A hand-held radiometer, called SIMBAD, has been designed and built specifically for evaluating satellite-derived ocean color. It provides information on the basic ocean-color variables, namely aerosol optical thickness and marine reflectance, in five spectral bands centered at 443, 490, 560, 670, and 870 nm. Aerosol optical thickness is obtained by viewing the Sun disk and measuring the direct atmospheric transmittance. Marine reflectance is obtained by viewing the ocean surface and measuring the upwelling radiance through a vertical polarizer in a geometry that minimizes glitter and reflected sky radiation, i.e., at 45° from nadir (near the Brewster angle) and at 135° in azimuth from the Sun’s principal plane. Relative inaccuracy on marine reflectance, established theoretically, is approximately 6% at 443 and 490 nm, 8% at 560 nm, and 23% at 670 nm for case 1 waters containing 0.1 mg m−3 of chlorophyll a. Measurements by SIMBAD and other instruments during the Second Aerosol Characterization Experiment, the Aerosols-99 Experiment, and the California Cooperative Oceanic Fisheries Investigations cruises agree within uncertainties. The radiometer is compact, light, and easy to operate at sea. The measurement protocol is simple, allowing en route measurements from ships of opportunity (research vessels and merchant ships) traveling the world’s oceans.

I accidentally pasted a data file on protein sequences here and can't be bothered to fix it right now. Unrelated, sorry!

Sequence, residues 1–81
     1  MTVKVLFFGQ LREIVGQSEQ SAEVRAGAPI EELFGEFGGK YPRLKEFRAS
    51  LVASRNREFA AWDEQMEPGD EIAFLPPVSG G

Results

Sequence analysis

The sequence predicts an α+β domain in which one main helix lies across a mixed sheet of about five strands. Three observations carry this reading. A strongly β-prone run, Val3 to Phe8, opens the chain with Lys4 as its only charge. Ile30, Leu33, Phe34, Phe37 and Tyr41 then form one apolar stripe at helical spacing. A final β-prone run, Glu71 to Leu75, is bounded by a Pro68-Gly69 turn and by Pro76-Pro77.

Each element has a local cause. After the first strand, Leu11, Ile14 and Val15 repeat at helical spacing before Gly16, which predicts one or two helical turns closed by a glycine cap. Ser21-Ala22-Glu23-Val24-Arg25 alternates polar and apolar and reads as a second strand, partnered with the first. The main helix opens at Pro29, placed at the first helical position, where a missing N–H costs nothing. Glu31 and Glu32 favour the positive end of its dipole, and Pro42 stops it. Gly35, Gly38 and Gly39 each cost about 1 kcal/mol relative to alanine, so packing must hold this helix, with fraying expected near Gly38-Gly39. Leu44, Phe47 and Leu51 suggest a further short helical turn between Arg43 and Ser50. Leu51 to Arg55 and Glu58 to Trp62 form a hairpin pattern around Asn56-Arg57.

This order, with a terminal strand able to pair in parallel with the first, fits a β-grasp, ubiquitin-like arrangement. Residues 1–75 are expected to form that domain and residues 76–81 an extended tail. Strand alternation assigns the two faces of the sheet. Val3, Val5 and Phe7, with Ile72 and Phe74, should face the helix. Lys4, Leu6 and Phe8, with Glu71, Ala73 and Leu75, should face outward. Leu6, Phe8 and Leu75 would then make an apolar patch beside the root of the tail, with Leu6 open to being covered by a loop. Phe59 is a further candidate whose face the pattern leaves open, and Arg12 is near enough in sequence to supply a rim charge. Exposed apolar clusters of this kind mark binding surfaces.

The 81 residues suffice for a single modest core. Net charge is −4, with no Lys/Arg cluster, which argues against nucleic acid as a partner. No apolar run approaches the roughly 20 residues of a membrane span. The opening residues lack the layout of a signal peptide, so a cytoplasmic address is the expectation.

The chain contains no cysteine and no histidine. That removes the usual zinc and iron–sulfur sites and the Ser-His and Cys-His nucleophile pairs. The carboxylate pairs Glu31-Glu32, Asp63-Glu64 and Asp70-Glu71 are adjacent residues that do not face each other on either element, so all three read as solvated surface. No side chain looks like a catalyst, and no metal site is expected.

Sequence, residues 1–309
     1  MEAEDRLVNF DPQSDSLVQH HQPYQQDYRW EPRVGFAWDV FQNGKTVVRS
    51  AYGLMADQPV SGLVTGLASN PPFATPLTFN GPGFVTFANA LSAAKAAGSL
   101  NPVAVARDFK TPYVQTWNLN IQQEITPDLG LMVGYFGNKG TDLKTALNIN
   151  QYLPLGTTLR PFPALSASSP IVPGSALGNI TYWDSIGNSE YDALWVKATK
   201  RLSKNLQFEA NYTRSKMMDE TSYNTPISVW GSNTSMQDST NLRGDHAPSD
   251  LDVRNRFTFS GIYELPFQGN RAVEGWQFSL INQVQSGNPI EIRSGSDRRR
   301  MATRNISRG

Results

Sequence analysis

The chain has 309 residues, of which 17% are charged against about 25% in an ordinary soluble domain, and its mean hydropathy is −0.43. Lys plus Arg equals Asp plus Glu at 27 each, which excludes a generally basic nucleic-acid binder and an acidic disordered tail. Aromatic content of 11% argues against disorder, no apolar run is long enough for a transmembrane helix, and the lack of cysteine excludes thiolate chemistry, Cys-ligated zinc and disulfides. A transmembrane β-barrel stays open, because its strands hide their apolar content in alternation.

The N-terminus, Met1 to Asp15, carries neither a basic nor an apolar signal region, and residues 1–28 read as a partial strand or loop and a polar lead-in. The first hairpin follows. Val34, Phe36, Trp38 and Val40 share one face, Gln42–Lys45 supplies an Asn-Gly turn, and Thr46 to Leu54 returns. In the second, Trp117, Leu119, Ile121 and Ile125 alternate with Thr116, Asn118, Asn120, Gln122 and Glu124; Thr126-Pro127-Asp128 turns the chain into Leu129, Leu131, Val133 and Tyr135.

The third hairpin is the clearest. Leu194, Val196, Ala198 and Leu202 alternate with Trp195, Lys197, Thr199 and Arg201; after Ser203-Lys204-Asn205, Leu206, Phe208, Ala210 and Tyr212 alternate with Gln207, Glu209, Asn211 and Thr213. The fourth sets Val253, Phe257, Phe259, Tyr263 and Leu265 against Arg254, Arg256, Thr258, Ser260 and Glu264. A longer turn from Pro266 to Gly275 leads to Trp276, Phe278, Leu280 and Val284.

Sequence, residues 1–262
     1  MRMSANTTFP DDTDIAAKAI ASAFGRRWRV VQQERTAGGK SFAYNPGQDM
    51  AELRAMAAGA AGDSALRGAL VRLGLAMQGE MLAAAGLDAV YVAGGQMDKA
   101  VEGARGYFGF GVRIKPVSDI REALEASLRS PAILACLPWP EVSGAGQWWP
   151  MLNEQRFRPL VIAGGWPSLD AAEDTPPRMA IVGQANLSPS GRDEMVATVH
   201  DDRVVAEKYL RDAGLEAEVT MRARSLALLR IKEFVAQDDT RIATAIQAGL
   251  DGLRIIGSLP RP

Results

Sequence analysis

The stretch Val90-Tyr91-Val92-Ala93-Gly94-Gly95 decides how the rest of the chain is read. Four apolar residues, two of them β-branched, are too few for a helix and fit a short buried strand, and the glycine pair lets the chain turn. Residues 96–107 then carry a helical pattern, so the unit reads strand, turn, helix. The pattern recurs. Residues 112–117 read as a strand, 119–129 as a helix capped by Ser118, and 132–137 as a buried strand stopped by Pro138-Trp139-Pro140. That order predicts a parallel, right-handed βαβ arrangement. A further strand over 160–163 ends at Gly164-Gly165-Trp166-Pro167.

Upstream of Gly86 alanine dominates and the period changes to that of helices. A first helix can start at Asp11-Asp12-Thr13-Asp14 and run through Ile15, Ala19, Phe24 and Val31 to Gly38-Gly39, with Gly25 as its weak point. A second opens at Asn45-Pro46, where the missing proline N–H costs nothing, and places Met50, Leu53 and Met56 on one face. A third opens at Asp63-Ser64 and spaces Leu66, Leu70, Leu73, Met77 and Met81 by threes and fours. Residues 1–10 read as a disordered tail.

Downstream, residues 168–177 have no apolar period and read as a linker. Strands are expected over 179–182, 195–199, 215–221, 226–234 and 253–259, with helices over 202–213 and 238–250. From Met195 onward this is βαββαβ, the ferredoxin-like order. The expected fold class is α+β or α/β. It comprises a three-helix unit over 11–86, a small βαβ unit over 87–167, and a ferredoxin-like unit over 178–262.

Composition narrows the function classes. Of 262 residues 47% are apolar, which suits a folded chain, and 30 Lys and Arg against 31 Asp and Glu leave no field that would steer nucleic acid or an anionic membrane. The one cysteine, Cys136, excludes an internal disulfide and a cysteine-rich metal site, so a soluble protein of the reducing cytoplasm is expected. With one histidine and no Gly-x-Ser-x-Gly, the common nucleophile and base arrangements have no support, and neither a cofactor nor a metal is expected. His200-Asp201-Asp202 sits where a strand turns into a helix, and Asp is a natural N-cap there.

© 2004 Optical Society of America
Pierre-Yves Deschamps, Bertrand Fougnie, Robert Frouin, Pierre Lecomte, and Christian Verwaerde, "SIMBAD: A Field Radiometer for Satellite Ocean-Color Validation," Appl. Opt. 43, 4055-4069 (2004)